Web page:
Abstract

Rapidly-exploring Random Trees (RRTs) are effective for a wide range of applications ranging from kinodynamic planning to motion planning under uncertainty. However, RRTs are not as efficient when exploring heterogeneous environments and do not adapt to the space. For example, in difficult areas an expensive RRT growth method might be appropriate, while in open areas inexpensive growth methods should be chosen. In this paper, we present a novel algorithm, Adaptive RRT, that adapts RRT growth to the current exploration area using a two level growth selection mechanism. At the first level, we select groups of expansion methods according to the visibility of the node being expanded. Second, we use a cost-sensitive learning approach to select a sampler from the group of expansion methods chosen. Also, we propose a novel definition of visibility for RRT nodes which can be computed in an online manner and used by Adaptive RRT to select an appropriate expansion method. We present the algorithm and experimental analysis on a broad range of problems showing not only its adaptability, but efficiency gains achieved by adapting exploration methods appropriately.


Incremental Map Generation (IMG), Dawen Xie, Marco Morales, Roger Pearce, Shawna Thomas, Jyh-Ming Lien, Nancy M. Amato, Algorithmic Foundation of Robotics VII, N/A, Jan 2008. DOI: 10.1007/978-3-540-68405-3_4
Keywords: Machine Learning, Sampling-Based Motion Planning
Links : [Published]

BibTex

@Inbook{Xie2008,
author="Xie, Dawen
and Morales, Marco
and Pearce, Roger
and Thomas, Shawna
and Lien, Jyh-Ming
and Amato, Nancy M.",
editor="Akella, Srinivas
and Amato, Nancy M.
and Huang, Wesley H.
and Mishra, Bud",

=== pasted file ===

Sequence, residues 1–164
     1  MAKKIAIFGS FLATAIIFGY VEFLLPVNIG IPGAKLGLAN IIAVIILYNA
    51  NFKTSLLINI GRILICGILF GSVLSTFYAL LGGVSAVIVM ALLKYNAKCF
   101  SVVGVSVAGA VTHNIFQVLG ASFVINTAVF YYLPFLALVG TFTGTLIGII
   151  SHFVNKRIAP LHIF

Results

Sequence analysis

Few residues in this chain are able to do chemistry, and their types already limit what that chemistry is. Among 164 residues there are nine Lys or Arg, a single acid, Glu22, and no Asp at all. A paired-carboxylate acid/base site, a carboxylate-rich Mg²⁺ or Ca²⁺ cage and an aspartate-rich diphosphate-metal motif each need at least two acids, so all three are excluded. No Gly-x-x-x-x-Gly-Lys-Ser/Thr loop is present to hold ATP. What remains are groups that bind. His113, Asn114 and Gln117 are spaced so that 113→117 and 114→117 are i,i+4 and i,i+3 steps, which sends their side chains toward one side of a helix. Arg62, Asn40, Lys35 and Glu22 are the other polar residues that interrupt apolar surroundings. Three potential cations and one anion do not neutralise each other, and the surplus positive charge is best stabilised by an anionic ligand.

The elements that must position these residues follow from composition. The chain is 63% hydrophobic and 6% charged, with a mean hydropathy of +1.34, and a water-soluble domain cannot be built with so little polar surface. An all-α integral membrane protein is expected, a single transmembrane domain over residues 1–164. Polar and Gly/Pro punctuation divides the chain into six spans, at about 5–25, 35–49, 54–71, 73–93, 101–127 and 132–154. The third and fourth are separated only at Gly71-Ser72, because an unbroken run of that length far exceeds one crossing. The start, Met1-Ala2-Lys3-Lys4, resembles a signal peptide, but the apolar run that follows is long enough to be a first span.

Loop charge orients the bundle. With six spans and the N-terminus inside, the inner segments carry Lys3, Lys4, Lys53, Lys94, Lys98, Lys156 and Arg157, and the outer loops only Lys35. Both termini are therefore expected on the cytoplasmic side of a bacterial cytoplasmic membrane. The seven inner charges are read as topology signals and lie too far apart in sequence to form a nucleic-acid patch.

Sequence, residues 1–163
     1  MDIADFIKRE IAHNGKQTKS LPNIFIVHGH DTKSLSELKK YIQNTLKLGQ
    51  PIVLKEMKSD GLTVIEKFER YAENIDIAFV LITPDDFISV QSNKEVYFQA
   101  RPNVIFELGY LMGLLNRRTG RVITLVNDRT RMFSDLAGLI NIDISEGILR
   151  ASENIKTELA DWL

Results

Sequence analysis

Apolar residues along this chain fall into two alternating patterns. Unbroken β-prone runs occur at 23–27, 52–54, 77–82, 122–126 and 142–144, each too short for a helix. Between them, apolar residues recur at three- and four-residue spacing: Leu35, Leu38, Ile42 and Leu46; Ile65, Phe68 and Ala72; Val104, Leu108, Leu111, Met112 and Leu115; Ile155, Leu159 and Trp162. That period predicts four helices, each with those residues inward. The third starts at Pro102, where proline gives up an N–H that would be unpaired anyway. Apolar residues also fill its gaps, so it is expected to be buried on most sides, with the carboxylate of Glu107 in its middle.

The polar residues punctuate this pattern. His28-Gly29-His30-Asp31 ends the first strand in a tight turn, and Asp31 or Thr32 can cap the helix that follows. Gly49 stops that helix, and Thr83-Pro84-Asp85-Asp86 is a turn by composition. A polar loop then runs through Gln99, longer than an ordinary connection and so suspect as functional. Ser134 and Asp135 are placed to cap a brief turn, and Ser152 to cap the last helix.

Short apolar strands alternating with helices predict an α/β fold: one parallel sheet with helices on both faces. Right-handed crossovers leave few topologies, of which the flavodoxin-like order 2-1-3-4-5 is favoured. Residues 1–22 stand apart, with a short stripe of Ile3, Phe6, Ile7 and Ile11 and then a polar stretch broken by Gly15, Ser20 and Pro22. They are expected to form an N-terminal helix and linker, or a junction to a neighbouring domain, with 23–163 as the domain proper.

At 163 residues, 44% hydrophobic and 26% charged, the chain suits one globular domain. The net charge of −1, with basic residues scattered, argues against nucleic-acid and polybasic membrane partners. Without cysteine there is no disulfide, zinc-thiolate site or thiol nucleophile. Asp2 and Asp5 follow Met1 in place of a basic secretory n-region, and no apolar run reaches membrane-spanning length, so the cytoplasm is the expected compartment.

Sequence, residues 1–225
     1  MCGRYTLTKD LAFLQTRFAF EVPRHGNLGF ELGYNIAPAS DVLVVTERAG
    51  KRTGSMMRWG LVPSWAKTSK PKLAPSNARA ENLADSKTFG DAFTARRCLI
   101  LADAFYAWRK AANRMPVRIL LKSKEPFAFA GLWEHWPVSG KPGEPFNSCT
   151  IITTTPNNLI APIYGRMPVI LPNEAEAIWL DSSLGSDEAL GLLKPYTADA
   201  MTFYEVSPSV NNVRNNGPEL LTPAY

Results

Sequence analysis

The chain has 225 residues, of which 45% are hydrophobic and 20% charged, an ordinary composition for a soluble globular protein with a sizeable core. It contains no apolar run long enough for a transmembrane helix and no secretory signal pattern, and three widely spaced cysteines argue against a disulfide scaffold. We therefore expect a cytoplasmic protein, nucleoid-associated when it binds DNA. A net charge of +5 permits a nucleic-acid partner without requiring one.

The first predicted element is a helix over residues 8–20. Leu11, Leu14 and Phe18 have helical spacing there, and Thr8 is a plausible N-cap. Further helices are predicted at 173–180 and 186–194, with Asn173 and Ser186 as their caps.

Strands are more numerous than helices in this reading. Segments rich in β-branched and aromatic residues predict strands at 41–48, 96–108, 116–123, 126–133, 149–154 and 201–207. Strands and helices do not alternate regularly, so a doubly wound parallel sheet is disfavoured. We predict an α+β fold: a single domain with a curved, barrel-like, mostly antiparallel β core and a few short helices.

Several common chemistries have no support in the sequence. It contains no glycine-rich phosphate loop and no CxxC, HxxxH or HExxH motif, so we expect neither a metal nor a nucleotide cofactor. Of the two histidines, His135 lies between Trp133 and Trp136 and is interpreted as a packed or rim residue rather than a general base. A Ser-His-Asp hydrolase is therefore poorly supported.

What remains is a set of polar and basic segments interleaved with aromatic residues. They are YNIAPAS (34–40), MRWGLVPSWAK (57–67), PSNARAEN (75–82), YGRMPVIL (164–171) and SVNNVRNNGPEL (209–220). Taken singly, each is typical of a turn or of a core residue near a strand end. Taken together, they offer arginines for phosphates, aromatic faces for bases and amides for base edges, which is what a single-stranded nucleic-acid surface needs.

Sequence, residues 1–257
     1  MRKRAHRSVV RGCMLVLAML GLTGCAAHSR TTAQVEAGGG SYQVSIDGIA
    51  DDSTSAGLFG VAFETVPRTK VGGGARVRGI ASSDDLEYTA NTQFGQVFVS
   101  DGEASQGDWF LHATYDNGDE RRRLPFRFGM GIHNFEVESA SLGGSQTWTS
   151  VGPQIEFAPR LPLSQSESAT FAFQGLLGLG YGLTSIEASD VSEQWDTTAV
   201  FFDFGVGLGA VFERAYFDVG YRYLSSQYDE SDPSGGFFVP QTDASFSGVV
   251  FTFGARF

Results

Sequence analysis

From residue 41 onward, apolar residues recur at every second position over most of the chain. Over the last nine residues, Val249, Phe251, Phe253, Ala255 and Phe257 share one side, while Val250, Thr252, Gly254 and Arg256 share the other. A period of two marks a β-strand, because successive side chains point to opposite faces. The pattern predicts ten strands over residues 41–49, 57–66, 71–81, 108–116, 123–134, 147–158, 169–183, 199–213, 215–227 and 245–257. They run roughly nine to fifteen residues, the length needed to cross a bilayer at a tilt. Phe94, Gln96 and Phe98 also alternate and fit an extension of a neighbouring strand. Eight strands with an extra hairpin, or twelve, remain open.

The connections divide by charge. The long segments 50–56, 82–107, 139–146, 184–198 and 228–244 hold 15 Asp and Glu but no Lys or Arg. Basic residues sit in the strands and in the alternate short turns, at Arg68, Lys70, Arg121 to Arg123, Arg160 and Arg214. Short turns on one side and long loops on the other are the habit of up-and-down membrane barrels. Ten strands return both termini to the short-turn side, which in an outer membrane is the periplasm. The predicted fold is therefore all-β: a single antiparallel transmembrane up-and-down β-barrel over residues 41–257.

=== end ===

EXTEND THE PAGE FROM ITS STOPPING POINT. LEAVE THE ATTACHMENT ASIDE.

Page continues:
title="Incremental Map Generation (IMG)",
bookTitle="Algorithmic Foundation of Robotics VII: Selected Contributions of the Seventh International Workshop on the Algorithmic Foundations of Robotics",
year="2008",
publisher="Springer Berlin Heidelberg",
address="Berlin, Heidelberg",
pages="53--68",
isbn="978-3-540-68405-3",
doi="10.1007/978-3-540-68405-3_4",
url="https://doi.org/10.1007/978-3-540-68405-3_4"
}


Abstract

Probabilistic roadmap methods (prms) have been highly successful in solving many high degree of freedom motion planning problems arising in diverse application domains such as traditional robotics, computer-aided design, and computational biology and chemistry. One important practical issue with prms is that they do not provide an automated mechanism to determine how large a roadmap is needed for a given problem. Instead, users typically determine this by trial and error and as a consequence often construct larger roadmaps than are needed. In this paper, we propose a new prm-based framework called Incremental Map Generation (img) to address this problem. Our strategy is to break the map generation into several processes, each of which generates samples and connections, and to continue adding the next increment of samples and connections to the evolving roadmap until it stops improving. In particular, the process continues until a set of evaluation criteria determine that the planning strategy is no longer effective at improving the roadmap. We propose some general evaluation criteria and show how to apply them to construct different types of roadmaps, e.g., roadmaps that coarsely or more finely map the space. In addition, we show how img can be integrated with previously proposed adaptive strategies for selecting sampling methods. We provide results illustrating the power of img.


Incremental Map Generation (IMG), Dawen Xie, Marco Morales, Roger Pearce, Shawna Thomas, Jyh-Ming Lien, Nancy M. Amato, Algorithmic Foundation of Robotics VII, N/A, Jan 2008. DOI: 10.1007/978-3-540-68405-3_4
Keywords: Machine Learning, Sampling-Based Motion Planning
Links : [Published]

BibTex

@Inbook{Xie2008,
author="Xie, Dawen
and Morales, Marco
and Pearce, Roger
and Thomas, Shawna
and Lien, Jyh-Ming
and Amato, Nancy M.",
editor="Akella, Srinivas
and Amato, Nancy M.
and Huang, Wesley H.
and Mishra, Bud",
title="Incremental Map Generation (IMG)",
bookTitle="Algorithmic Foundation of Robotics VII: Selected Contributions of the Seventh International Workshop on the Algorithmic Foundations of Robotics",
year="2008",
publisher="Springer Berlin Heidelberg",
address="Berlin, Heidelberg",
pages="53--68",